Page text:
“Regardless of whether you have a vacant store, you’re still required to pay property taxes, and those are really meaningful costs that normally are offset by cash flow coming from your tenants in the retail space,” Soutendijk says. “At some point, landlords are just going to have to bite the bullet.”

Some landlords may have held out for a little while to see if anybody would pay a higher rate, according to Jim Costello, senior vice president with New York City-based research firm Real Capital Analytics.

“They could carry that empty space for a bit because the rest of the building is cash flowing,” he says. “It’s a temporary situation given the fact that they can refinance the building based on the income of the rest of it and move forward. But eventually, something will have to give.”

Costello says after talking to their brokers and getting a sense of what deals were possible, many landlords are getting the rents closer to where the market is.

Landlords are cutting rents

As availability increases, Manhattan’s retail rents continue to fall in most of the borough’s major retail neighborhoods, according to a new report from Cushman & Wakefield.

The submarkets with the highest rents—Upper Fifth Avenue, Soho, Madison Avenue and Herald Square—are experiencing the biggest declines in asking rates. Times Square and Flatiron/Union Square were the only neighborhoods where rents increased year-over-year in the third quarter of 2018.

Landlords are adjusting to a new norm as they cut prices to fill space, and they’re more willing to do short-term leases with pop-ups. Those who hold out for the “right tenant” could be left dealing with empty space for years.

“It’s no secret that the pendulum has swung the other way,” says Faith Hope Consolo, chairman of New York City-based Douglas Elliman's retail group. “Most landlords have embraced the reality of the retail climate and have been more flexible than ever vying for tenants, adjusting rents accordingly, even offering concession packages that include rent-free time. Landlords are also adapting to the changing market by pursuing tenants in sectors other than fashion to diversify.”

Entertainment, restaurants, beauty, fitness and technology concepts are performing well. “For those who are creative and adjust, it is a win-win,” Consolo says.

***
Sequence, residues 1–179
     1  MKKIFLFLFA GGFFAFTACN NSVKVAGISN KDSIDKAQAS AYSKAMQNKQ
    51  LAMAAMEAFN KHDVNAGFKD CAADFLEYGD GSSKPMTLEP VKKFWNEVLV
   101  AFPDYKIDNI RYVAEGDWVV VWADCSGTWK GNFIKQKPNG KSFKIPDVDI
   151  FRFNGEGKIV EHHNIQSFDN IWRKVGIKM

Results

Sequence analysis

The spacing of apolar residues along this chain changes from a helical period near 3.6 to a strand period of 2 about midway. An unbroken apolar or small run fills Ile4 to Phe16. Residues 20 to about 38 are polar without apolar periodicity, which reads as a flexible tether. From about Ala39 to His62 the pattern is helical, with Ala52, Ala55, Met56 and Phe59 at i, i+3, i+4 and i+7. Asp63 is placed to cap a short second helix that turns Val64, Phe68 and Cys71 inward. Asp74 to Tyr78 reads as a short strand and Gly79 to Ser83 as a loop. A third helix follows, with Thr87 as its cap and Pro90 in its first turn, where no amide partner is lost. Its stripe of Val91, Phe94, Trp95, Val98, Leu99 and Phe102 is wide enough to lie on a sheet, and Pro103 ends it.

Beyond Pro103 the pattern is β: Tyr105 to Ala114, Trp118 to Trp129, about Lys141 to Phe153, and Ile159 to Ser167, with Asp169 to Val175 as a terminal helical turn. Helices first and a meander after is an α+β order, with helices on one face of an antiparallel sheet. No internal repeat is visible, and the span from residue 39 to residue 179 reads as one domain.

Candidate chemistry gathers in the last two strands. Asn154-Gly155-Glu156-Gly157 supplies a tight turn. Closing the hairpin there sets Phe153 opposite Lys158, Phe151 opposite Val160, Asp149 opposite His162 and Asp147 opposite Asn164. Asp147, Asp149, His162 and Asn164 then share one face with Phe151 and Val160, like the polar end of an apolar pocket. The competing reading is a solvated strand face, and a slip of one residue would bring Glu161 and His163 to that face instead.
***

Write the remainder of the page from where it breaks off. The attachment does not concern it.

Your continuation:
Double-digit declines

In most major submarkets, asking rents are down 20 to 30 percent over the last 18 months, Soutendijki says. “And that doesn’t reflect the increased concessions, which are tougher to quantify statistically. But anecdotally, they’re definitely a bigger part of deals in Manhattan.”

This shift in landlords’ expectations is leading to more velocity. For example, along Madison Avenue, where asking rates dropped 14.9 percent year-over-year to $1,226 a sq. ft, 26 new stores opened this year.

Flatiron was the strongest performer in the third quarter, with asking rents up 5.3 percent to $437 a sq. ft., and the availability rate down 180 basis points to 13.9 percent. Twenty-six new stores opened this year in that submarket. A lot of the deals getting done involve local businesses and include small coffee shops and amenity users.

“Markets like Flatiron are way tighter than others and rents have not needed to fall as fast to bring availability rates down to more of an equilibrium where landlords and tenants have equal amount of leverage,” Soutendijk says. “But we’re definitely not at that level in a lot of other submarkets, like Broadway, Soho or along Fifth Avenue.”

Soho continues to struggle. Asking rents dropped 11.7 percent year-over-year to $417 a sq. ft., while the availability rate was up 60 basis points to 23.9 percent.

Upper Fifth Avenue has also taken a hit. Asking rents on the street—which is the city’s priciest—dropped 9.2 percent to $2,668 per sq. ft. Availability jumped 10.1 percent to 24.6 percent.

Because there are not as many retail tenants out there, it takes a lot longer to backfill the substantial overhang of available space, Soutendijk says.

“Rents started coming down meaningfully about two years ago, and we’re just starting to see the fruits of that over the last six to 12 months,” Soutendijk says. “You’re starting to see velocity in a lot of these markets at those new levels.”

However, he adds that the perception for “John or Jane Doe walking around New York City is that these spaces aren’t renting fast enough.” Meanwhile, the landlord behind the scenes hasn’t only dropped asking rents 30 percent, but are offering free rent, tenant improvement allowances and build-outs, Soutendijk says.

TAGS: Leasing News